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Good morning, it's Friday, Feb. 12, 2021, the day of the week I pass along quotations intended to be inspirational or thought-provoking. Today's comes from America's greatest president, born this day in 1809 just outside the Kentucky hamlet of Hodgenville.

Joseph R. Biden Jr. inherited a divided country, of this there is no doubt. What also cannot be disputed is that Abraham Lincoln took national office at a time of far greater division.

Yes, the violent and frightening Jan. 6, 2021, attack on the U.S. Capitol was staged by a mob trying to forestall the peaceful transition of power from one political party to another -- one ethos for another, as well. By the time Lincoln took the oath of office on March 4, 1861, seven Southern states (Texas, Louisiana, Georgia, Alabama, Florida, Mississippi and South Carolina -- the ringleader of secession) had already voted to leave the Union and were raising armies.

The galvanizing event in this precipitous rebellion was the election of Abraham Lincoln as the 16th president of the United States. And so, the very question before the nation was whether those states would and could remain "united."

Lincoln did his rhetorical best in his inaugural address. Although he was unable to persuade Southern whites to use their "better angels" as a touchstone, Lincoln tried. Perhaps in the 21st century, we will be smarter and will heed his call.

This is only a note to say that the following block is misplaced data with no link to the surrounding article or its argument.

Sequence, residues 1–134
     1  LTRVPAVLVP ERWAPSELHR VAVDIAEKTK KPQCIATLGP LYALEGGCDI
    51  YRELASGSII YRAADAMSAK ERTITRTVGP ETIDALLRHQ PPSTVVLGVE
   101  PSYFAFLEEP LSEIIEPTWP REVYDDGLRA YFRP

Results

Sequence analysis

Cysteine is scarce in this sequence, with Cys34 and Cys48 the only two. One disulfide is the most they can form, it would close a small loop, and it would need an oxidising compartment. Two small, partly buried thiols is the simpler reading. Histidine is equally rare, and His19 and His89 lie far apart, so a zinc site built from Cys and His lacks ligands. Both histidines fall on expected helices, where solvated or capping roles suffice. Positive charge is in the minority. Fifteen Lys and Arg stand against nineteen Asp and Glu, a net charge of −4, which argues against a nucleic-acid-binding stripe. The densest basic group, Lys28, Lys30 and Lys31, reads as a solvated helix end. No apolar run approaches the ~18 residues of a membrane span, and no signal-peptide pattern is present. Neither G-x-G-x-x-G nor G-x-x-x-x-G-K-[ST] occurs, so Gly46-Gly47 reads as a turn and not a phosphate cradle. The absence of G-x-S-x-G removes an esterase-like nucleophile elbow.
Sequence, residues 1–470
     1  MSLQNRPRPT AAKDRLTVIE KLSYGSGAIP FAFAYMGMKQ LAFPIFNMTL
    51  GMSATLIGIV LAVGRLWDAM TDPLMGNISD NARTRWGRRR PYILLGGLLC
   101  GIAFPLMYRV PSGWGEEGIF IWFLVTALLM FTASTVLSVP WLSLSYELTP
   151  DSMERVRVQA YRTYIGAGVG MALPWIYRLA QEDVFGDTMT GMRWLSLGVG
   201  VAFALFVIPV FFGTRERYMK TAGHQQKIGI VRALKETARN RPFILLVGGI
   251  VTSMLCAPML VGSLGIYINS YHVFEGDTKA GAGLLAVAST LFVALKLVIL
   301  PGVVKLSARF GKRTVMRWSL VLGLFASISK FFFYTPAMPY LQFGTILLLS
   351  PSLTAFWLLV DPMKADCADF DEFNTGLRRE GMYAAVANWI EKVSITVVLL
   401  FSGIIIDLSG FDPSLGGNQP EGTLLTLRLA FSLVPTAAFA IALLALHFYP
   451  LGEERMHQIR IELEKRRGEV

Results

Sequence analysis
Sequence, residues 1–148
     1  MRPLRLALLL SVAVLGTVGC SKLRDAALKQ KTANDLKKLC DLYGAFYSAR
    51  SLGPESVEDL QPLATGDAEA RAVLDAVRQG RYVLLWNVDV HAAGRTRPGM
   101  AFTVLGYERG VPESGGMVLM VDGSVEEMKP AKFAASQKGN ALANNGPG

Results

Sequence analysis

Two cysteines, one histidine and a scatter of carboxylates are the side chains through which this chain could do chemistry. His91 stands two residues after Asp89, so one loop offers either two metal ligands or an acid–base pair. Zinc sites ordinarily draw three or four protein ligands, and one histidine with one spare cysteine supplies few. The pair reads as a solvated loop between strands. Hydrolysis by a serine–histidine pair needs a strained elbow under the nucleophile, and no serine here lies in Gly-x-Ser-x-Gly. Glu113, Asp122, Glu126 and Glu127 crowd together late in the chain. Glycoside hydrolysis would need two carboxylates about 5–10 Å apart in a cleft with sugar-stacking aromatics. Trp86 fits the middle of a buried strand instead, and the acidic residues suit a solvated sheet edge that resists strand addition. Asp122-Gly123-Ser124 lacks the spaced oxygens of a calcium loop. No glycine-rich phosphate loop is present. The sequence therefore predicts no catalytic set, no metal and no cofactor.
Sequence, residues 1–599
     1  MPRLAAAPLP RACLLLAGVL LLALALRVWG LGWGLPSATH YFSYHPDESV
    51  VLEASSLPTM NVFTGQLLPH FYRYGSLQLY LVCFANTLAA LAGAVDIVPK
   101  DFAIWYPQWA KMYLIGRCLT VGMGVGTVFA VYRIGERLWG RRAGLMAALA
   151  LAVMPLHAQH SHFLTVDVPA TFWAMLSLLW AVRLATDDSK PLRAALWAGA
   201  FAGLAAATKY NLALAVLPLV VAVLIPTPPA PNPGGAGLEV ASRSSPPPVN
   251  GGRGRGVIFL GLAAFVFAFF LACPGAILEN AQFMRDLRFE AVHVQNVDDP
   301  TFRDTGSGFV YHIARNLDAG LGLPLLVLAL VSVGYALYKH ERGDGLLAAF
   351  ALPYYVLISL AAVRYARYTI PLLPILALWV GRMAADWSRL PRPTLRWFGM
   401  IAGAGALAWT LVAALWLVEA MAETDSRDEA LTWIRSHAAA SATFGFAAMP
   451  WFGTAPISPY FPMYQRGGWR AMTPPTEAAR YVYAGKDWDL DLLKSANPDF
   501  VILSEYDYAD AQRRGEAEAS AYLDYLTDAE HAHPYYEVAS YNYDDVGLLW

"Physically speaking, we cannot separate," Lincoln said after taking the oath of office. "We cannot remove our respective sections from each other, nor build an impassable wall between them. A husband and wife may be divorced, and go out of the presence, and beyond the reach of each other; but the different parts of our country cannot do this. They cannot but remain face to face; and intercourse, either amiable or hostile, must continue between them."

And that's our quote of the week. 

Carl M. Cannon is the Washington bureau chief for RealClearPolitics. Reach him on Twitter @CarlCannon.

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